The feasting continues on Christmas Day with a banquet being held on this day. Traditional Christmas dishes consist of plump roast goose, "Christstollen" (long bread loaves stuffed with nuts, raisins, citron and dried fruit), "Lebkuchen" (spice bars), marzipan, and "Dresden Stollen" ( a moist, heavy bread filled with fruit). And, strange but true: it's a German tradition to watch a short subtitled British film called "Dinner for Two." It's hardly known over here. But the Germans find it hilarious.
Frankfurt Christnmas market

Here in the UK, it's traditional to go to church at midnight on Christmas Eve. On Christmas Day, presents are opened around the tree either in the morning, or, if you're the royal family, at supper time. Lunch is roast turkey with all the trimmings followed by Christmas pudding with rum butter or clotted cream. Family games are played in the afternoon, or maybe a bracing walk taken. A few hours later the feasting resumes with cold turkey sandwiches, cheeses, pork pie, mince pies and trifle.

SHARE:

Monday, December 19, 2011

Christmas Traditions: Part One

Since I started this blog in 2006, I've written quite a few posts about Christmas. There was the one about my own family's traditions, the First World War Christmas Day football match, quite a few about Christmas TV and politicians' messages, but nothing, I noted, about the origins of Christmas. Why do we have Boxing Day? Why do we set fire to a Christmas pudding? Without further ado, here is the first in a two-part posting, the Curious round-up of why we do some of the things we do.

Setting fire to the Christmas pudding
Before Christianity and when we were all pagans, there were winter festivals around this time and the Festival of Fire was common. Our tradition of igniting the Christmas pudding hark back to those times.

Christmas stockings
According to legend, a kindly nobleman grew despondent over the death of his beloved wife and foolishly squandered his fortune. This left his three young daughters without dowries and thus facing a life of spinsterhood.


The generous St. Nicholas, hearing of the girls' plight, set forth to help. Wishing to remain anonymous, he rode his white horse by the nobleman's house and threw three small pouches of gold coins down the chimney where they were fortuitously captured by the stockings the young women had hung by the fireplace to dry.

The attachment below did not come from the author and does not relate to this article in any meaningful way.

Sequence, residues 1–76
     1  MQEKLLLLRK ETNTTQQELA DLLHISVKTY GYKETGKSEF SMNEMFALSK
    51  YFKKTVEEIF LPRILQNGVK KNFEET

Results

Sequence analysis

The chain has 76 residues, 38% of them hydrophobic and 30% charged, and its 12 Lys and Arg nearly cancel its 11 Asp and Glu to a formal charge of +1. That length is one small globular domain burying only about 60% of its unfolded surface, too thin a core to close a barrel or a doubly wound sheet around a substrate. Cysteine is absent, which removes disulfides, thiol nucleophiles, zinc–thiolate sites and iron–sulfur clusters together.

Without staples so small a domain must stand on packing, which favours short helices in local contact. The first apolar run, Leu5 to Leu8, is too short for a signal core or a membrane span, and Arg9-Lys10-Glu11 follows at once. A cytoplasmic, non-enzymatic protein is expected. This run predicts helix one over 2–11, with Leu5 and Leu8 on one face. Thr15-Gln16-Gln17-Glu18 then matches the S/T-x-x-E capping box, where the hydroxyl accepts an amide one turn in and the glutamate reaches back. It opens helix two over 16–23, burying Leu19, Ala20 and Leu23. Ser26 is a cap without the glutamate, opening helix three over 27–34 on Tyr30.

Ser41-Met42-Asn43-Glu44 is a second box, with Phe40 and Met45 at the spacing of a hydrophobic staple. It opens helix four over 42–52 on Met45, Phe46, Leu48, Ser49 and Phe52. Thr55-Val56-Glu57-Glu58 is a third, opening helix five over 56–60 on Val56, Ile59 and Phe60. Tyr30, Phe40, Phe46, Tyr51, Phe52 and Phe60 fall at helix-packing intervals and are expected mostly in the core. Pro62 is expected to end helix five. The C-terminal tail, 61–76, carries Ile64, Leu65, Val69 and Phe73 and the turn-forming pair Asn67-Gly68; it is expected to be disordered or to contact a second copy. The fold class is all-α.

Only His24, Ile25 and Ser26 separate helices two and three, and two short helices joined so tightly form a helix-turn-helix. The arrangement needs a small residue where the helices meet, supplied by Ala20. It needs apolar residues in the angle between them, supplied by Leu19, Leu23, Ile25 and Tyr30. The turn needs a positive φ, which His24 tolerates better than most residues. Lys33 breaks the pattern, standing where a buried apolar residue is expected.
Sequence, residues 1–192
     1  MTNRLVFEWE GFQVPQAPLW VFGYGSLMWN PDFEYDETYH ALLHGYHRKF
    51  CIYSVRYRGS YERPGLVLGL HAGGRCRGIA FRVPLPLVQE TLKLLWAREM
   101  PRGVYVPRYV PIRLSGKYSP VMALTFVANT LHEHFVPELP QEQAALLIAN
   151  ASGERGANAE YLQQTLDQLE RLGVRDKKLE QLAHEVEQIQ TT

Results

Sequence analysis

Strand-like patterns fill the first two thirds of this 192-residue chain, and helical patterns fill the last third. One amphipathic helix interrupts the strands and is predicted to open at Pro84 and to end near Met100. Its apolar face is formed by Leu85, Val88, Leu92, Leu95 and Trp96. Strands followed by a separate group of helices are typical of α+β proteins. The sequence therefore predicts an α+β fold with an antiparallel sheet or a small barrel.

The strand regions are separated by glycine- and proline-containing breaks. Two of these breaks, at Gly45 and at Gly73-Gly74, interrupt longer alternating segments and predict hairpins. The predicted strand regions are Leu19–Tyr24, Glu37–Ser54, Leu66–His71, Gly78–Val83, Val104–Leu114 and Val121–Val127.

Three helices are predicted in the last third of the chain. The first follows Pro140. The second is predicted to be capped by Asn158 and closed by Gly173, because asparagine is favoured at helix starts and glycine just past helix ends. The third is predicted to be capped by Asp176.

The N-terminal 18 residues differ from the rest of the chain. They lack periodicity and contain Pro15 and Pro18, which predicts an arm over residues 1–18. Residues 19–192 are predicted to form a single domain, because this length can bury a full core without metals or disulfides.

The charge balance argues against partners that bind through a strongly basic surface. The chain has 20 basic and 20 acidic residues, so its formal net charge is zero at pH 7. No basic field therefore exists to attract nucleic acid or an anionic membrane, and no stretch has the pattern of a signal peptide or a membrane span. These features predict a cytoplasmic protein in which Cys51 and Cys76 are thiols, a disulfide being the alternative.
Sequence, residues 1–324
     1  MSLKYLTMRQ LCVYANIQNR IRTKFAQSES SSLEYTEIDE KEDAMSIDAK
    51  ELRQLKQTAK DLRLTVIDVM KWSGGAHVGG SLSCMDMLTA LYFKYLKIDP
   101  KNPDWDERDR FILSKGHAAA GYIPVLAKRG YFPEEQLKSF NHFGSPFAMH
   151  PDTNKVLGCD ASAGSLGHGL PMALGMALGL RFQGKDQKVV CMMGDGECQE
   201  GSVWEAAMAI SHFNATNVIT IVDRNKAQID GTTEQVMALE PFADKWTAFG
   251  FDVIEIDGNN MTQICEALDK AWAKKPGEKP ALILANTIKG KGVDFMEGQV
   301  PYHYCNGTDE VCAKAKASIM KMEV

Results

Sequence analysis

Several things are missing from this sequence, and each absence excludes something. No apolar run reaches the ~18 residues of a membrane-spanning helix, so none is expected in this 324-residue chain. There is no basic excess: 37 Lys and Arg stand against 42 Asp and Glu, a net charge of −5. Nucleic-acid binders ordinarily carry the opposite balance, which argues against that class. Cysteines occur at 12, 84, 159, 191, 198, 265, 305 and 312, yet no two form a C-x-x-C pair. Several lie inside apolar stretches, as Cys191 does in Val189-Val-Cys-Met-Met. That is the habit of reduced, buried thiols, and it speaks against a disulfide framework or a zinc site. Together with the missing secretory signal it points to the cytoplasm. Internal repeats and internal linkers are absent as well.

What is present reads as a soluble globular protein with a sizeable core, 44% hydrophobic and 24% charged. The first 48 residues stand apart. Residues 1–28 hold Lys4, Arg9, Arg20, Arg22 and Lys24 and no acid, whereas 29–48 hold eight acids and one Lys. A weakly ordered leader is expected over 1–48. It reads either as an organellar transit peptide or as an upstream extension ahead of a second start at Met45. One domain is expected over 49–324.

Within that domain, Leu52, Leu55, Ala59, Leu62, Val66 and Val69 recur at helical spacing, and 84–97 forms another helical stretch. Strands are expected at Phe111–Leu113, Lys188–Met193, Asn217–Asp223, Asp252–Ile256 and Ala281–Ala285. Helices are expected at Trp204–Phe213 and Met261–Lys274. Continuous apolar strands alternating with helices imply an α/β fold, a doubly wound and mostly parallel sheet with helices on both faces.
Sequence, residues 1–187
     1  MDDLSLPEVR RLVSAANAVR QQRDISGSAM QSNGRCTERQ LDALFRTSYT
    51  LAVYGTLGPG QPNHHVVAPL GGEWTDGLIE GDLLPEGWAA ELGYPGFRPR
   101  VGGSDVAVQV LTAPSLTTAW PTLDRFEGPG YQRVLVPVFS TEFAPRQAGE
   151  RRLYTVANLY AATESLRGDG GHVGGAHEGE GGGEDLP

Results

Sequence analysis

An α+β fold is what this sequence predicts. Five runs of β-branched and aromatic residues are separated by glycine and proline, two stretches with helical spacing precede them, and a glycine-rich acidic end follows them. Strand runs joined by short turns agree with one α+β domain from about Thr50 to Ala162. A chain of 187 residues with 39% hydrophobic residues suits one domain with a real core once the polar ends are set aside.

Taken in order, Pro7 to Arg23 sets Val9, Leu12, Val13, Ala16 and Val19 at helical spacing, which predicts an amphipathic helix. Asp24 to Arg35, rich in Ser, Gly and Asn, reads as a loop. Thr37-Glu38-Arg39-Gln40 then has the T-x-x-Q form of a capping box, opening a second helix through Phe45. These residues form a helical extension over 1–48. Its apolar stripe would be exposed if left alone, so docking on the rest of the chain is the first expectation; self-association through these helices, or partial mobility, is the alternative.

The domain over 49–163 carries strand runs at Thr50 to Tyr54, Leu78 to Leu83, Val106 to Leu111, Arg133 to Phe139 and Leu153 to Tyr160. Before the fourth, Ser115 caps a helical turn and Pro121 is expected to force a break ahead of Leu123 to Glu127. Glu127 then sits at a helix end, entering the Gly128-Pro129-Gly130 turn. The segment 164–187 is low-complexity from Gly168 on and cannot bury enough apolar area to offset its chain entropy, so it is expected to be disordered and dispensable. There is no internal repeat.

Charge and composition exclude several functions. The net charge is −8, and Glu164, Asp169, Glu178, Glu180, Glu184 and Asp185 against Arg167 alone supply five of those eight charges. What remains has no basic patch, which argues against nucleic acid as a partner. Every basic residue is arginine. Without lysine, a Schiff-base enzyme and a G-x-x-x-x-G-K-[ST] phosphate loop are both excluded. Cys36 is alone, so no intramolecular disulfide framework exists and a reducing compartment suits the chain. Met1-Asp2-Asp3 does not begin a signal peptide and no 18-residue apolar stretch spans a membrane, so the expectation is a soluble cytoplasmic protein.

St Nicholas in the 4th century was the original "Santa Claus". Our image of the jovial white bearded gentleman in red is courtesy of Coca Cola and their ads in the 1930s. But the origin of Santa Claus began with Saint Nicholas, Bishop of Myra, an area in present day Turkey. By all accounts St. Nicholas was a generous man, particularly devoted to children. When I was in Poland recently, staff were being given gifts on December 6. In many European countries this is the day when St Nicholas delivers sweets and toys.

Christmas Cards
Sir Henry Cole is credited with creating the first real Christmas card. The first director of London's Victoria and Albert Museum, Sir Henry found himself too busy in the Christmas season of 1843 to compose individual Christmas greetings for his friends.


He commissioned artist John Calcott Horsley for the illustration. The card featured three panels, with the centre panel depicting a family enjoying Christmas festivities and the card was inscribed with the message "A Merry Christmas and a Happy New Year to You."

Christmas Tree
The idea of a decorated tree in the home was started by the Romans many centuries ago for the festival of Saturnalia. Sometimes they put 12 candles on the tree, one for each month. Gradually the practise of decorating a tree with ornaments and lighted candles spread across Northern Europe and into Scandinavia. Austria is said to have had its first tree in 1816 when Princess Henrietta set one up in Vienna. In 1840 Princess Helena of Meckleburg brought the idea to Paris. In England it has always been a custom to decorate an evergreen garland called a ‘kissing bush’, but in 1841 Prince Albert, Consort to Queen Victoria, introduced a tree decorated with candles, tinsel, and ornaments as part of the Christmas celebrations at Windsor Castle. After that, the Christmas tree soon became an English tradition.

Boxing Day
This is a uniquely British one and we get a 2nd day off! Boxing Day takes its name from the ancient practice of opening boxes that contained money given to those who had given their service during the year. It was also the day when alms boxes, placed in churches on Christmas Day, were opened. The money was then given to the priest or used to help the poor and needy. Another name for Boxing Day used to be Offering Day.


The Queen's Message
The first Christmas Broadcast was delivered by George V in 1932 and since then has evolved into an important part of the Christmas Day celebrations for many in Britain and around the world.

Tomorrow: Learn about how our neighbours in Europe spend Christmas
















SHARE:

Sunday, December 18, 2011

Items of Desire #1: Monty Don's shed

It may seem a strange thing to lust after, but I am very covetous of TV gardener Monty Don's shed.